Over the next few months, medical delivery drones will take flight in the Netherlands between two hospitals to deliver emergency medicines, blood, and other time-sensitive samples. The drones will be flying between the Isala Diaconessenhuis Meppel hospital and the Isala Ziekenhuis hospital.

The drones are at the center of tests, looking at how they can deliver emergency medicine in the future and improve patient care. This also marks the first time drones have flown beyond visual line of sight (BVLOS) in overpopulated areas.

The tests are being run by the Medical Drone Service, an initiative set up by ANWB, PostNL, Erasmus MC, Isala, Sanquin, Certe, and technology partners Avy and KPN.

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Nov 13, 2020

Pfizer’s announcement shows the promise of gene-based vaccines

Posted by in category: biotech/medical

Pfizer’s COVID-19 vaccine uses a gene-based platform that hasn’t been used for approved human vaccines. The reported high efficacy is a good sign for other vaccines using that approach.

Nov 13, 2020

Researchers create MRI-like technique for imaging magnetic waves

Posted by in categories: biotech/medical, computing, health, nanotechnology

A team of researchers from Delft University of Technology (TU Delft), Leiden University, Tohoku University and the Max Planck Institute for the Structure and Dynamics of Matter has developed a new type of MRI scanner that can image waves in ultrathin magnets. Unlike electrical currents, these so-called spin waves produce little heat, making them promising signal carriers for future green ICT applications.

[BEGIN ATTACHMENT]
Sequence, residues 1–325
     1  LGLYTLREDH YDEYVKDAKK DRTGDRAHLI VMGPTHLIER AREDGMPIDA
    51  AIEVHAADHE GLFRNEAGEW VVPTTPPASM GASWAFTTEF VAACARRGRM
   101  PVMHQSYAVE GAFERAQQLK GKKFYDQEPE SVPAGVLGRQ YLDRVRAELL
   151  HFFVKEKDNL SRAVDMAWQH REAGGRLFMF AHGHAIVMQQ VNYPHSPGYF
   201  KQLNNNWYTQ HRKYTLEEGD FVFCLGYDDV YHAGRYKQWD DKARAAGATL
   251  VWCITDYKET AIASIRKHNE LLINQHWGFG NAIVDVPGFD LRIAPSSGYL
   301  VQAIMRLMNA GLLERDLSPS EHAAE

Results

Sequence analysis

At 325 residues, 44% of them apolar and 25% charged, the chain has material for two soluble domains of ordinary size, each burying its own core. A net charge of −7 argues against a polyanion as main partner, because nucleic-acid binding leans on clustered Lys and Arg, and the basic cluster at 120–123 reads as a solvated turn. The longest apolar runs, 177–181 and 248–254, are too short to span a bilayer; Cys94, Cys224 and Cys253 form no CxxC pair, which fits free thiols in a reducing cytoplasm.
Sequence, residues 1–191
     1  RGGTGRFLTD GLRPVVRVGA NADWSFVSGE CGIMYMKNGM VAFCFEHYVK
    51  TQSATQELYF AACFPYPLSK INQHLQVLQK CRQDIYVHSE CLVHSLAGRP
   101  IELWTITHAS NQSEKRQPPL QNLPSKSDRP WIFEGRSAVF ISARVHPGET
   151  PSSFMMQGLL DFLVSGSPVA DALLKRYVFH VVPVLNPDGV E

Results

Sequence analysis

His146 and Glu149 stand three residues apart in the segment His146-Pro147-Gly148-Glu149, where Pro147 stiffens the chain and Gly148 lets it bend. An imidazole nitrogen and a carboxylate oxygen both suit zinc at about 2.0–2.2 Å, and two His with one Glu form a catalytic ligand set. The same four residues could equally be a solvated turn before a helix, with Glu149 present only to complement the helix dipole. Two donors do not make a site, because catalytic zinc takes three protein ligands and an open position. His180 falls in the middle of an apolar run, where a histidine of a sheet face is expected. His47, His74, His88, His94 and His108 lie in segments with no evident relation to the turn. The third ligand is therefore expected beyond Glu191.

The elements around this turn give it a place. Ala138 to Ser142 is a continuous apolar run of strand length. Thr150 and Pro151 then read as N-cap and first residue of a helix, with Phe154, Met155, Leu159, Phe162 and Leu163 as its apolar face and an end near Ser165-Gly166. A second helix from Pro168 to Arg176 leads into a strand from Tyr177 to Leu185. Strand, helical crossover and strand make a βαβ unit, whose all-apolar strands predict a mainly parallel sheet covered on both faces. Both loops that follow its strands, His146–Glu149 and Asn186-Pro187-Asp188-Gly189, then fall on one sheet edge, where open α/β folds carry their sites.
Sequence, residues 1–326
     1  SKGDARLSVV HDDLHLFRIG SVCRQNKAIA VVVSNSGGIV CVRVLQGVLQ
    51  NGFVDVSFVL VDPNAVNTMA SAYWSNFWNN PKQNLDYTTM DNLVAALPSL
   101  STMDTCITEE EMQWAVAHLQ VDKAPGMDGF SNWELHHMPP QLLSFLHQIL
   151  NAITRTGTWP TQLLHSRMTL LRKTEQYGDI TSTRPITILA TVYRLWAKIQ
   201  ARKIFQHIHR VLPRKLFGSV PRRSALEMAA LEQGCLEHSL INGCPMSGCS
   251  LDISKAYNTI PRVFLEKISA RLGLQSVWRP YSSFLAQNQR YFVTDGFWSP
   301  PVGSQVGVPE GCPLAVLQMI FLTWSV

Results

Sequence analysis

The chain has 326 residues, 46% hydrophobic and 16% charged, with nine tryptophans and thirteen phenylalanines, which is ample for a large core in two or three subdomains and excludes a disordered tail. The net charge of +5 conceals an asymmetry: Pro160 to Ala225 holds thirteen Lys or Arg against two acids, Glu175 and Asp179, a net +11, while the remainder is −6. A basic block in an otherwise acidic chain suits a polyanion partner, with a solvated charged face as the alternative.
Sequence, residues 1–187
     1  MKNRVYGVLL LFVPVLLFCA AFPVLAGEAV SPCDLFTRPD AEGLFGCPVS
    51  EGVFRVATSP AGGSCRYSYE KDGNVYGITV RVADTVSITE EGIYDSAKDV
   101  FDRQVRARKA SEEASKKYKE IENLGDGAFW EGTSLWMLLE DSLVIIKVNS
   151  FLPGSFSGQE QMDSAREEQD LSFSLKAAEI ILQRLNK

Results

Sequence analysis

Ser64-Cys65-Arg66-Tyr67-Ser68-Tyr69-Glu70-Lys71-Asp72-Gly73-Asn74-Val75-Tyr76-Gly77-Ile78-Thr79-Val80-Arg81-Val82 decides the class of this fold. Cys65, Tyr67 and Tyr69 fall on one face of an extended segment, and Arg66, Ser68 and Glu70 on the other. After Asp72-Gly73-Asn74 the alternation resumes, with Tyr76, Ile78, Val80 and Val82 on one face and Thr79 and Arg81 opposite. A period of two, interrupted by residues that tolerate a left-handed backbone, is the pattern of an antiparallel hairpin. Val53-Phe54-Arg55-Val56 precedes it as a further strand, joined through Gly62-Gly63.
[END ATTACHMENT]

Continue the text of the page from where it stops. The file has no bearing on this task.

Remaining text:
MRI scanners can look into the human body in a non-invasive manner. The scanner detects the magnetic fields radiated by the atoms inside, which makes it possible to study the health of organs even though they are hidden underneath thick layers of tissue.

The non-invasive, see-through power of MRI is desirable for many research fields and industries. It could be particularly useful as an imaging tool in nanotechnology and the chip industry. Being able to detect signals in computer chips and other nanodevices would facilitate optimizing their performance and reducing their heat production. However, the millimeter resolution of conventional MRI is insufficient to study chip-scale devices. A team of researchers led by TU Delft have now developed a new method for sensing at the sub-micrometer scale.